As Sir Alex Ferguson’s managerial career came to an end last weekend, football queued up to pay its final tribute to one of its great coaches. His achievements with Manchester United were legendary, of course, and his twenty-seven years at Old Trafford monopolised the eulogies. But it was a remarkable victory while in charge of a much smaller club, achieved at the expense of one of La Liga’s giants, which perhaps represents his finest hour.
Ferguson leaves the game with a poor record against Real Madrid. In six games against them as manager of United he won just once, and that wasn’t a glorious occasion for him as he still lost the tie: all three of his European ties against Real ended in elimination, the most recent being his farewell to the Champions League this season, of course. But he has faced Los Merengues on one other occasion, with a provincial Scottish side, and emerged with victory and his first European trophy.
Ferguson arrived at Aberdeen in 1978, having been sacked by Saint Mirren and lost his claim of unfair dismissal as an industrial tribunal described him as “particularly petty” and “immature”. He would achieved the rare feat of creating a third power in Scottish football.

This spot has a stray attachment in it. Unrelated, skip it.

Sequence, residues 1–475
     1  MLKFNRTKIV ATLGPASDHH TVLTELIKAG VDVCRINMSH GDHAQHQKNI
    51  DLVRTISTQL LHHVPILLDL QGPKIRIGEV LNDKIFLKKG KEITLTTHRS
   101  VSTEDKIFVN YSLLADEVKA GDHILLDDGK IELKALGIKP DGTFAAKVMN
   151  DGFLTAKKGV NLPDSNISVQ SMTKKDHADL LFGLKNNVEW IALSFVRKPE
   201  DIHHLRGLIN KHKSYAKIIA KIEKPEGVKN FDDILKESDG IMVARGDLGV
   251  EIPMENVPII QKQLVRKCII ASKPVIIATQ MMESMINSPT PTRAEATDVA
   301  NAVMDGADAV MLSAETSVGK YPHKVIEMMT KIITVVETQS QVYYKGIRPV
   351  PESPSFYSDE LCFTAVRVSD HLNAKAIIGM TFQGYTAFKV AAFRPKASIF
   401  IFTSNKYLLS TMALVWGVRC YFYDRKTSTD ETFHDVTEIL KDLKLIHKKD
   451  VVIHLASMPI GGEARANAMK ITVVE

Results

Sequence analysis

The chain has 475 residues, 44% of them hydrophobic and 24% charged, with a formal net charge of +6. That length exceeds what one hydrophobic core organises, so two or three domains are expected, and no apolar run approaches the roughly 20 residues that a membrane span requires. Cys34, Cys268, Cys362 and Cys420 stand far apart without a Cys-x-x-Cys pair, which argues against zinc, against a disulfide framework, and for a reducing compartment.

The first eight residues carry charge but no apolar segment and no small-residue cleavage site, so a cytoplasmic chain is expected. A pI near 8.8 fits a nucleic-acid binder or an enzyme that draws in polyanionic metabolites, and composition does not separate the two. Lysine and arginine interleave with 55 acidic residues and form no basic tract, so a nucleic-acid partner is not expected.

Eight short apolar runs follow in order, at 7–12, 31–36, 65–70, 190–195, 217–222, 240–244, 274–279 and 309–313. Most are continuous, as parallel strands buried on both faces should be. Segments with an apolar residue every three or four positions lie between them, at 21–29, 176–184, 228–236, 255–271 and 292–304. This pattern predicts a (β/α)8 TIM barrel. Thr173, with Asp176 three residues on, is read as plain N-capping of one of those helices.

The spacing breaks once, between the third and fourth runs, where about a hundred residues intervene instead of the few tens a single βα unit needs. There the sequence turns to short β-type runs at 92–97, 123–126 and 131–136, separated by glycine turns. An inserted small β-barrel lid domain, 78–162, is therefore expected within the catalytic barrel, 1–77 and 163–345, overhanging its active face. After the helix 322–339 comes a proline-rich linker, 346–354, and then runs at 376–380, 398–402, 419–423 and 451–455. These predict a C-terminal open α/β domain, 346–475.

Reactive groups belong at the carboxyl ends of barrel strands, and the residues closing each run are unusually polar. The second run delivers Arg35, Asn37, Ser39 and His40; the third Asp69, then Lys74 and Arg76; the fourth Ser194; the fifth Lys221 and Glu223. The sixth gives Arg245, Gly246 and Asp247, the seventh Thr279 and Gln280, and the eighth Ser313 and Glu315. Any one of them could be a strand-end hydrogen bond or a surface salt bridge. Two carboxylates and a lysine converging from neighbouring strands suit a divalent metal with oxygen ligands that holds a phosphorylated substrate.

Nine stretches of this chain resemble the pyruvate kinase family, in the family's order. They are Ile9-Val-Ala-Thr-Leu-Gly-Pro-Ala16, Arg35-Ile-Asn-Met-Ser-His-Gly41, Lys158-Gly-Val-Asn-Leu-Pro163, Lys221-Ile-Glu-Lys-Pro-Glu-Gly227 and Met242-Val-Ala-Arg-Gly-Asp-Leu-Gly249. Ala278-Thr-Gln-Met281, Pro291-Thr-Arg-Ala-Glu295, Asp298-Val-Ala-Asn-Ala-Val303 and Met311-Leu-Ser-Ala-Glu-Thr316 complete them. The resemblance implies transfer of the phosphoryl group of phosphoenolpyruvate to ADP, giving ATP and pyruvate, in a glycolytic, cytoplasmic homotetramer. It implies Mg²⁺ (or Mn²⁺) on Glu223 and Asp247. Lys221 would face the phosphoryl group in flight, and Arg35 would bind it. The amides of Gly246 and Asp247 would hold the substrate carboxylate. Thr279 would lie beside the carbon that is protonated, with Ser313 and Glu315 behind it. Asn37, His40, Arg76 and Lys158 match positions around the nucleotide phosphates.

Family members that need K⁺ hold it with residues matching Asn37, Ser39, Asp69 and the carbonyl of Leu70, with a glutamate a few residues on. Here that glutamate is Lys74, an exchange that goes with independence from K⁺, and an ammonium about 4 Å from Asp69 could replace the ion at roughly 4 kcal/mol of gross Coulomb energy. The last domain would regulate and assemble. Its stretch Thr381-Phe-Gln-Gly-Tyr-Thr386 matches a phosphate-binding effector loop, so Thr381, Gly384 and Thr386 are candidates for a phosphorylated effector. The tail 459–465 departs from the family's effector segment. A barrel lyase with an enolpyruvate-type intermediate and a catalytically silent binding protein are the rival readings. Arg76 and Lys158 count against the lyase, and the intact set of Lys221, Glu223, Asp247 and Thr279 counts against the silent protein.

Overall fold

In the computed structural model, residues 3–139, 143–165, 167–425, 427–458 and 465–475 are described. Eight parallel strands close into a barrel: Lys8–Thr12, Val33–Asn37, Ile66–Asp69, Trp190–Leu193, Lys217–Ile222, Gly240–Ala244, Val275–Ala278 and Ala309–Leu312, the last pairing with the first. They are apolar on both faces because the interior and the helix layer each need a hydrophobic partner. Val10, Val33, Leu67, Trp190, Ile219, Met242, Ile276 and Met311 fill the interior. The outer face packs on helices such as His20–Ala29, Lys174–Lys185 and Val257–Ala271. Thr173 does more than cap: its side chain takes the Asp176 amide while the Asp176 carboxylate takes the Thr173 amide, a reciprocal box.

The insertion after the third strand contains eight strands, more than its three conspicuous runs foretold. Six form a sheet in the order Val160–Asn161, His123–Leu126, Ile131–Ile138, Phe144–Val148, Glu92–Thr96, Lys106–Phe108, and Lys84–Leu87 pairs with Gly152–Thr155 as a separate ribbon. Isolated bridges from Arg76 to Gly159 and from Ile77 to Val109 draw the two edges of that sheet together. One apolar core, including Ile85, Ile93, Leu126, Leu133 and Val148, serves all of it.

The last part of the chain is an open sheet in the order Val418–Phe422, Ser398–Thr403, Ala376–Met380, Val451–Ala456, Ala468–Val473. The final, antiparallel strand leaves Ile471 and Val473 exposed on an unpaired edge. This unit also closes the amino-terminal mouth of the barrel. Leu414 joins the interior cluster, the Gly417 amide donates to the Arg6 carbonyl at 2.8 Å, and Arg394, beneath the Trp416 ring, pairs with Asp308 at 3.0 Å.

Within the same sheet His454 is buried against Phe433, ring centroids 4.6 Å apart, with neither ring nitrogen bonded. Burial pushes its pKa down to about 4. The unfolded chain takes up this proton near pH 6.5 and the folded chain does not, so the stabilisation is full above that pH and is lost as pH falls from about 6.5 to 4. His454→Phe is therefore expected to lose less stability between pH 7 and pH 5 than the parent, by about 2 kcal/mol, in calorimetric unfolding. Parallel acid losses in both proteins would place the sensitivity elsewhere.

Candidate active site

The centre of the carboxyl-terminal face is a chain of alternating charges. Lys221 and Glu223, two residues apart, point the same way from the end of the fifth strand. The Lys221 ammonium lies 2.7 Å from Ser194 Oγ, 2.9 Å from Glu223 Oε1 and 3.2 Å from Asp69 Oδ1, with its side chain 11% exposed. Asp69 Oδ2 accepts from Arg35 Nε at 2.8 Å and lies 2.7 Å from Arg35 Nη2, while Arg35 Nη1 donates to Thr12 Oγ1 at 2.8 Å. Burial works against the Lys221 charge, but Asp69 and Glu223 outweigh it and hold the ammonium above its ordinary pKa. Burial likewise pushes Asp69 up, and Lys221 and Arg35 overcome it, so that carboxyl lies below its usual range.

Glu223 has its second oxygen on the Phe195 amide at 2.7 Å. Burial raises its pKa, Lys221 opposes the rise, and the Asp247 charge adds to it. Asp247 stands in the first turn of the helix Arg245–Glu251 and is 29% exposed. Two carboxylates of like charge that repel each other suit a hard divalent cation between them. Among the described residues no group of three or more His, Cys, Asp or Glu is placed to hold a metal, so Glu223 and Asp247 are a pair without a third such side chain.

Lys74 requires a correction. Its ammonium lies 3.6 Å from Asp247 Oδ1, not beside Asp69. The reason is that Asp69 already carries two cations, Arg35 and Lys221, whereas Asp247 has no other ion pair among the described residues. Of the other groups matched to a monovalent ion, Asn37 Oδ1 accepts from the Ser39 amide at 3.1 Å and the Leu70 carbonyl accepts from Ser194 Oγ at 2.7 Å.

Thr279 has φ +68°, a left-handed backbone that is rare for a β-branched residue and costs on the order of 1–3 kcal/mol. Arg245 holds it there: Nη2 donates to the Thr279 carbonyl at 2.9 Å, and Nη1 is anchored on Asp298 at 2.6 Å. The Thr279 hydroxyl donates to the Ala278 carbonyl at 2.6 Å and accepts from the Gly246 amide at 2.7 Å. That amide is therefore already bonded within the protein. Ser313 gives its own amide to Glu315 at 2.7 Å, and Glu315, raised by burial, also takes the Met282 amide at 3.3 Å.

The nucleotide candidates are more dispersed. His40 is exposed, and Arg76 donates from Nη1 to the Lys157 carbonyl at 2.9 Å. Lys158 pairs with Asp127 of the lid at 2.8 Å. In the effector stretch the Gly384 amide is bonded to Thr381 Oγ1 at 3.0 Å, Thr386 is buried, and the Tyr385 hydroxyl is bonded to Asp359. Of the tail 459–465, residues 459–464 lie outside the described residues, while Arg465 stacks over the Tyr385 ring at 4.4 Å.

If the hegemony of Barcelona and Real Madrid bothers you, take a look at Scotland, where Rangers and Celtic transcend all else. Even the remarkable current circumstances in the Scottish game, with Rangers demoted for financial reasons, has only altered the balance to an extent: they continue to monopolise attention with their neighbours, and the SPL title has now become a one-horse race.
Yet Ferguson’s Aberdeen broke their duopoly, winning three league titles, four Scottish Cups and the League Cup in eight years at Pittodrie. The east coast side, developed under the iron fist and his assistant, Archie Knox, featured many players who would feature prominently for Scotland during a period strong on promise but lacking when it came to substantial achievement. Many would go on to become significant figures in management, a testimony to the influence they came under during that glorious period.
Having made an impact in Scotland, Aberdeen went on the rampage in Europe. They’d already shown they meant business by testing European champions Liverpool as they defended their crown, but a subsequent run in the European Cup Winners Cup in 1983 was when Ferguson’s work came to fruition.
In the course of the run they managed to dismiss Bayern Munich over two legs, drawing 0-0 in the Olympiastadion, then coming from behind twice to snatch victory with two late goals in a remarkable 3-2 victory. Belgian cup holders Waterschei were swept aside in the semi-finals, leading to the most remarkable of finals: a rendezvous with Alfredo di Stefano’s Real Madrid at the Ullevi in Stockholm.
As one might expect, the Aberdeen fans travelled in droves, 14,000 of them cheerfully boisterous to the last and surely finding it hard to believe their side had landed such a remarkable date at Europe’s top table. Their side’s indefatigable spirit and genuine quality meant they were a force to be reckoned with though, but they were up against a side with great pedigree, of course.